On Nov. 19, 2012, Rutgers and Maryland formally accepted somewhat surprising invitations to join the Big Ten conference.
On that day, Big Ten commissioner Jim Delany looked like Julia Roberts marrying Lyle Lovett, and John McCain selecting Sarah Palin as a running mate. Nobody could quite see the attraction.
Not yet three years after a day that will live in Big Ten infamy, the Rutgers part of the expansion equation looks even worse than it did then. Far worse. Of all the realignment maneuvers of the past five years, adding the Scarlet Knights is liking signing up for a lifetime case of poison ivy rash.
This has been an absolute debacle.
Delany has done a lot of smart things in his long tenure as Big Ten commish. He added Penn State, which was a boon until the Sandusky scandal brought down Joe Paterno and sent the school through a painful period of crisis. He added Nebraska, and that has gone well. He helped create the Big Ten Network, which has been a revenue geyser. He has served the conference well.
But the Rutgers decision goes alongside decades of resistance to a football playoff as the two major splotches on Delany’s resume. He eventually bowed to public pressure and came around to the playoff concept. He might be well-served to evict the stumblebums from New Jersey next, before they can do further damage to the conference’s prestige and reputation.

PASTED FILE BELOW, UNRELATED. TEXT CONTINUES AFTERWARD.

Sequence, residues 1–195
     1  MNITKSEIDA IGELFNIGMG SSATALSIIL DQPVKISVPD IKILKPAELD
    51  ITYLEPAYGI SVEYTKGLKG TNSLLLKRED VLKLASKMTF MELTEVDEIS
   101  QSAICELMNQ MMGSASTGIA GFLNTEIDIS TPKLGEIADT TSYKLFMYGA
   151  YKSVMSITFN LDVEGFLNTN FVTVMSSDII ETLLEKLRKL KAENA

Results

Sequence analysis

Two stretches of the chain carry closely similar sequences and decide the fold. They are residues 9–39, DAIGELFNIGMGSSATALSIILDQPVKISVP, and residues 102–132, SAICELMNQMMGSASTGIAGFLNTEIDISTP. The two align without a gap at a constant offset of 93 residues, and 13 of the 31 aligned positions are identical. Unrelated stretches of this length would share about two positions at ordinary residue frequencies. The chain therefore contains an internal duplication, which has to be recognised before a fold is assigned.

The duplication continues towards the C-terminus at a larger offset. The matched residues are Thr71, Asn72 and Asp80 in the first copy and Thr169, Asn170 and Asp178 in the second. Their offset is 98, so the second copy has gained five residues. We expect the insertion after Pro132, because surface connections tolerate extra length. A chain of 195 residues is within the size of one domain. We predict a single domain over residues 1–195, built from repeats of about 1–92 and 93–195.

No, that’s not really going to happen. At least now. Maybe after the next six fiascos in Piscataway.
The latest development was the university’s announcement Wednesday that it is suspending football coach Kyle Flood for the next three games. That’s after a university investigation showed he violated school policies and procedures by contacting and meeting with a professor in attempt to get a player’s grade changed – and get his eligiblity restored.
The president of Rutgers’ faculty union told NJ.com on Wednesday that the three-game suspension is “a slap on the wrist.” It’s hard to disagree with that assessment.
The Rutgers report shows the extent to which Flood went to avoid detection in his dealings with the professor: meeting off-campus; communicating only through private emails; and trying to swear others in the know about the grade-change scheme to secrecy. Not the actions of a man who says he simply didn’t know the rule about contacting a professor, and thus made an honest mistake. Nobody goes to those cloak-and-dagger lengths to keep something out of public view if they think they’re not doing something wrong.
The great cosmic joke of the whole situation is the fact that Flood stuck his neck out for a player who is no longer on the team – and not for academic reasons. Junior cornerback Nadir Barnwell was one of six players kicked off the team earlier this month after being charged with various crimes. Barnwell and three others are charged with assault, and two Scarlet Knights are charged with home invasions.